In my previous post, I talked about the fact that no software package has ever been released “glitch free.” The bigger the project, the more likely there are to be glitches. One of the factors that was pointed out to me (and has been in the news) is the complexity of the system. Healthcare.gov has to coordinate information from numerous systems, as both in sending it and receiving it. In fact, most of the problems seem be related to the “data hub”, which is the main interface handling this. It’s job is (approximately) to take data from the web site, query other systems to verify things, then send it on to the various exchanges or state agencies to get an answer from them about pricing, and then back to the customer. Sounds simple? It isn’t. Leaving aside the reports of … ineptitude … on the part of the contractor responsible, it’s an epicenter for glitches to happen.
Almost two decades ago, I was a system administrator at a healthcare provider. It was a fairly large one, consisting of three hospitals and numerous clinics scattered around the state. We were also one of the first to try out a fairly new idea: The electronic medical record. There were all sorts of promise in that, particularly given the nature of our institution. The idea was wonderful – in fact, you still hear a lot about it. Back then, it was just beginning, but still, the promise was there. We could create one record, accessible at any of our clinics or hospitals, enabling up-to-date information to be available and saving a bundle on sending paper records around.
That was the promise, but the reality? Something else entirely. Leaving aside the fact that at the time “computer literacy” was not a common skill, particularly in doctors, the idea that we could link various clinical systems into a single medical record system ran into brick wall after brick wall. Consider the “core systems” I was responsible for: The dictation system, the transcription software, and the electronic signature package. My systems had to accept data feeds from the scheduling system, pathology, emergency, radiology, and cardiology departments. All of whom had their own “best of breed” systems. My systems fed data back to them, as well as into the electronic medical record. Sounds simple? It wasn’t. I learned to loathe the phrase “Yes, we do HL7 messaging!” Why? HL7 is a standard messaging protocol, but it sometimes wasn’t “native” to the particular package, or the “dialect” (the version) it “spoke” wasn’t the same that we did. Any combination of which could (and did) trip you up, and lead to errors happening. Which was why we had regular meetings of all the system administrators, to try to iron out those issues, and develop testing plans.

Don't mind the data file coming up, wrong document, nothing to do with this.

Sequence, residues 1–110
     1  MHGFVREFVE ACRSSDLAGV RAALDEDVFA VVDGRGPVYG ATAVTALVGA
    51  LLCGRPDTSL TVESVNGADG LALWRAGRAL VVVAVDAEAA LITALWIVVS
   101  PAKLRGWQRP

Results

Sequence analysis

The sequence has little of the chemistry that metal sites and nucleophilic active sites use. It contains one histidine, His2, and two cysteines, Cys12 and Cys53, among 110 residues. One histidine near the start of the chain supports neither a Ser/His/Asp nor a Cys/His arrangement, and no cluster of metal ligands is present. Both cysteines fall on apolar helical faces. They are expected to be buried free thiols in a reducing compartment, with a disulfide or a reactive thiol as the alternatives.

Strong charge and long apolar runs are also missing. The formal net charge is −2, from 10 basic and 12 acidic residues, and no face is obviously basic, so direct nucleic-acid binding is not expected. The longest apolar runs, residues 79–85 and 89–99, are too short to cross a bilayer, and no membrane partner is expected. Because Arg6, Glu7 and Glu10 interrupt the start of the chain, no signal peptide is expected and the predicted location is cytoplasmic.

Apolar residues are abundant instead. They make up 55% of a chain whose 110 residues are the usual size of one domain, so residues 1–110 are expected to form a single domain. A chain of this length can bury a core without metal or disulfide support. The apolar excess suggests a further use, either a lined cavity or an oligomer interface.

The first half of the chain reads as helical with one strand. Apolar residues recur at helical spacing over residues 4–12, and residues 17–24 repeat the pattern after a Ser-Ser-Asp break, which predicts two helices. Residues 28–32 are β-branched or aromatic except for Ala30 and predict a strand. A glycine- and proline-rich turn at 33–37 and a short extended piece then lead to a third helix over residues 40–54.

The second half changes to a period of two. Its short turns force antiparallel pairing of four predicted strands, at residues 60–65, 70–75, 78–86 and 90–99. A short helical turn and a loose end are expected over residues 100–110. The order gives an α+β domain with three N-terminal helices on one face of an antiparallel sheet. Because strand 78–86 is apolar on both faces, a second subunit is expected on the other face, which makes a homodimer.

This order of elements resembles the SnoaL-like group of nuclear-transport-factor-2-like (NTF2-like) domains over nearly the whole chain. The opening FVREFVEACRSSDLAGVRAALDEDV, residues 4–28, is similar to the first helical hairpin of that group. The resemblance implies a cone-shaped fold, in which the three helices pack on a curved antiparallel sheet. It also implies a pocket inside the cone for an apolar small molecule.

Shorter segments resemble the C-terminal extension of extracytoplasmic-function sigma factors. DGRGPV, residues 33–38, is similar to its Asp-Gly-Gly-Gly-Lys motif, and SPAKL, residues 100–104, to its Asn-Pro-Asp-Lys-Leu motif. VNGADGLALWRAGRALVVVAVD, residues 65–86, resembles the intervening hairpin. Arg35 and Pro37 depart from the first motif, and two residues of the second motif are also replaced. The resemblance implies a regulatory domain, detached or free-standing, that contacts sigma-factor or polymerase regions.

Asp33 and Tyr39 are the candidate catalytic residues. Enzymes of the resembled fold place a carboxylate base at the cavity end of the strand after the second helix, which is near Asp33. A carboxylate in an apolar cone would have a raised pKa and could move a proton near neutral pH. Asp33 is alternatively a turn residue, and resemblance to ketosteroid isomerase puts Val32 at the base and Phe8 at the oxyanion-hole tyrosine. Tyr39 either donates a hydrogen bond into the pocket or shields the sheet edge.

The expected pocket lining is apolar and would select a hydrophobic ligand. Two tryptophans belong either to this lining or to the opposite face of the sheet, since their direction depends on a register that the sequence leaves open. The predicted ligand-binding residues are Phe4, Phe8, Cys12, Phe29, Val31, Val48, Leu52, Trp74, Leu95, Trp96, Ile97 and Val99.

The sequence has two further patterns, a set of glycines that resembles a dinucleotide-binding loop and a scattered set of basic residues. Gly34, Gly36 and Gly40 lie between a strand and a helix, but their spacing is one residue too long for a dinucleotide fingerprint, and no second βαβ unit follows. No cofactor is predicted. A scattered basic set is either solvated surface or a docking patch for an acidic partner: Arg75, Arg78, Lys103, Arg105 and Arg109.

That’s why the “big savings” and “great idea” turned into a huge morass of delays and cost overruns. But here’s the other major headache we all had. It wasn’t enough to iron out the translations, and get the systems to talk to each other. The systems all had be working at the same time. If the pathology system was off-line for some reason, I would have a massive backlog of files waiting to be sent, which could cause problems in other systems, because they could be “holding up the line” for the files meant for them. The information needed to complete new files wasn’t there, so even more delays were created. An interface glitch in the medical record package could (and did) mean a huge backlog building up. A freeze in the signature system could mean a big backlog, and then stress on the network as the backlog was being cleared. That was just on my systems, the other systems administrators had their own sets of headaches along those lines.
I mention this because this is what is happening in the data hub, on a much larger scale. There are multiple systems which have to send information back and forth to each other through the hub. They’re all running different software and hardware, and they all have to be working at the same time, which wasn’t necessary before. So there are two potential “points of failure” right there. It’s complex, and it requires a lot of coordination. Apparently, that wasn’t the case, and there were also some problems with the contractor’s coding of it. Although there’s a figure of “500 million lines of code,” most computer experts scoff at that. But it’s still a complex system, and anyone who expected it to work “perfectly” out of the box was just fooling themselves. No “adding another server,” as Chuck Todd suggested wouldn’t have fixed it.
The good news, such as it is, is that the “problem child” has been identified, and people are now working on it. It may take a while, it may even mean a “rewrite from scratch,” for parts, but it’s being worked on. It’ll get better. The problem, as one commenter over at Little Green Footballs pointed out? When it’s fixed, nobody will notice it for a while, because it “just works.”